sweat

Definitions

  • WordNet 3.6
    • v sweat excrete perspiration through the pores in the skin "Exercise makes one sweat"
    • n sweat use of physical or mental energy; hard work "he got an A for effort","they managed only with great exertion"
    • n sweat salty fluid secreted by sweat glands "sweat poured off his brow"
    • n sweat condensation of moisture on a cold surface "the cold glasses were streaked with sweat"
    • n sweat agitation resulting from active worry "don't get in a stew","he's in a sweat about exams"
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Webster's Revised Unabridged Dictionary
  • Interesting fact: On average, a person has two million sweat glands
    • Sweat (Man) A short run by a race horse in exercise.
    • Sweat Fig.: To perspire in toil; to work hard; to drudge. "He 'd have the poets sweat ."
    • Sweat Moisture issuing from any substance; as, the sweat of hay or grain in a mow or stack.
    • Sweat The act of sweating; or the state of one who sweats; hence, labor; toil; drudgery.
    • Sweat (Physiol) The fluid which is excreted from the skin of an animal; the fluid secreted by the sudoriferous glands; a transparent, colorless, acid liquid with a peculiar odor, containing some fatty acids and mineral matter; perspiration. See Perspiration. "In the sweat of thy face shalt thou eat bread."
    • Sweat The sweating sickness.
    • Sweat To cause to excrete moisture from the skin; to cause to perspire; as, his physicians attempted to sweat him by most powerful sudorifics.
    • Sweat To emit moisture, as green plants in a heap.
    • Sweat To emit or suffer to flow from the pores; to exude. "It made her not a drop for sweat .""With exercise she sweat ill humors out."
    • Sweat To excrete sensible moisture from the pores of the skin; to perspire.
    • Sweat To get something advantageous, as money, property, or labor from (any one), by exaction or oppression; as, to sweat a spendthrift; to sweat laborers. "The only use of it [money] which is interdicted is to put it in circulation again after having diminished its weight by “ sweating ”, or otherwise, because the quantity of metal contains is no longer consistent with its impression."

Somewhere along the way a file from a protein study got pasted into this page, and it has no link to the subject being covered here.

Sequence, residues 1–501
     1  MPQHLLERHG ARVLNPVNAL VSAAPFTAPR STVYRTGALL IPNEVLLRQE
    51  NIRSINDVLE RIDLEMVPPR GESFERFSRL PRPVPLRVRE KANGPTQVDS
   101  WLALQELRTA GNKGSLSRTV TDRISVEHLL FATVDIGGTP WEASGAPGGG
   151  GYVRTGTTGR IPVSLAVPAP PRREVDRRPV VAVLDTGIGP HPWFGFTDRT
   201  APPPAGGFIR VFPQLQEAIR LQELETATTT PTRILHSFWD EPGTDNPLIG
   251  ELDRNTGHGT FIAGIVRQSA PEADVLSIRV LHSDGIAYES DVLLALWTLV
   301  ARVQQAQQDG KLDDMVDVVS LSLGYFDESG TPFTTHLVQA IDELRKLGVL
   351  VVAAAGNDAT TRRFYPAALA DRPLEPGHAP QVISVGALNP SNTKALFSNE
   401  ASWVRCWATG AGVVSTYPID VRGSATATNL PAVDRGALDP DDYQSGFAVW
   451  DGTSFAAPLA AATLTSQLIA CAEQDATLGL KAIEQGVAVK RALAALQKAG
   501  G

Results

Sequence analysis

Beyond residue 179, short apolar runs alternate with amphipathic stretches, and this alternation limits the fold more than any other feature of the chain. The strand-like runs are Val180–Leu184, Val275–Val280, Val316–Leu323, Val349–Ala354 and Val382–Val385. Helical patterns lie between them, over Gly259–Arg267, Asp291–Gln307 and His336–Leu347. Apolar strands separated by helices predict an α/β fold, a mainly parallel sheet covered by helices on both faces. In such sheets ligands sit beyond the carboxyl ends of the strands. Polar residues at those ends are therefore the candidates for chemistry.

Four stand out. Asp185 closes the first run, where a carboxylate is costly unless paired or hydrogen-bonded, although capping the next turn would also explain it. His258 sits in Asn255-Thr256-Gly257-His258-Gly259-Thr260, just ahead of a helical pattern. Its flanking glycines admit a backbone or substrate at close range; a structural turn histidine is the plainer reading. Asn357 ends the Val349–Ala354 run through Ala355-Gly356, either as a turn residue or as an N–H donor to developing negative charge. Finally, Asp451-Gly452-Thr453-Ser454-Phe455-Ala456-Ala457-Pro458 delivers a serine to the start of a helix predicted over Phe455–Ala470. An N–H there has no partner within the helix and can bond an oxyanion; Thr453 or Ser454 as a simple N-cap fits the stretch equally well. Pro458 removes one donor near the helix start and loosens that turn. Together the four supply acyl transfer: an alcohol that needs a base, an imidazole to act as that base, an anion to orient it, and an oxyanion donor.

• Sweat To unite by heating, after the application of soldier.
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Century Dictionary and Cyclopedia
  • Interesting fact: Birds do not sweat, as they do not have sweat glands
    • n sweat Moisture exuded from the skin, an excretion containing from one to two per cent. of solids, consisting of sodium chlorid, formic, acetic, butyric, and other fatty acids, neutral fats, and cholesterin; sensible perspiration; especially, the excessive perspiration produced by exertion, toil, the operation of sudorific medicines, etc.
    • n sweat The state of one who sweats or perspires; sweating; especially, such a state produced medicinally; diaphoresis.
    • n sweat That which causes sweat; labor; toil; drudgery; also, a sudorific medicine.
    • n sweat That which resembles sweat, as dew; also, moisture exuded from green plants piled in a heap: as, the sweat of hay or grain in a mow or stack.
    • n sweat A sweating process, as in tanning hides.
    • n sweat Sweating-sickness.
    • n sweat A short run of a horse in exercising him.
    • n sweat In the manufacture of bricks, tiles, etc., that stage in the burning in which the hydrated oxid of alumina in the clay parts with its water.
    • sweat To excrete sensible moisture from the skin, or as if from the skin; perspire; especially, to perspire excessively.
    • sweat To exude moisture, as green plants piled in a heap; also, to gather moisture from the surrounding air by condensation: as, a new haymow sweats; the clay of newly made bricks sweats; a pitcher of ice-water sweats.
    • sweat To exude as or in the manner of perspiration.
    • sweat To toil; labor; drudge.
    • sweat To labor under a burden as of punishment or extortion; suffer; pay a penalty.
    • sweat To work for starvation wages; also, to carry on work on the sweating or underpaying system.
    • sweat To cause to excrete moisture from the skin, or, figuratively, as if from the skin.
    • sweat To emit, as from the pores; exude; shed.